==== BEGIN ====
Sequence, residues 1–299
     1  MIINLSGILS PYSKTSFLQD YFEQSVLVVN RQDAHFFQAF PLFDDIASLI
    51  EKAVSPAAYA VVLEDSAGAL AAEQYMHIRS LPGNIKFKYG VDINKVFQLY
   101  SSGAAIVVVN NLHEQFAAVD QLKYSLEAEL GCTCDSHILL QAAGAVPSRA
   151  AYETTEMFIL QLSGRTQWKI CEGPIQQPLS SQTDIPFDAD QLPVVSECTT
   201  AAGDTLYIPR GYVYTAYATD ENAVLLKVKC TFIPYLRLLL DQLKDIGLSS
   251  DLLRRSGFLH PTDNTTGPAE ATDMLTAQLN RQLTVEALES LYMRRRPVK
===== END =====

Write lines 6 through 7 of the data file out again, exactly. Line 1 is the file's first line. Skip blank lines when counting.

   201  AAGDTLYIPR GYVYTAYATD ENAVLLKVKC TFIPYLRLLL DQLKDIGLSS
   251  DLLRRSGFLH PTDNTTGPAE ATDMLTAQLN RQLTVEALES LYMRRRPVK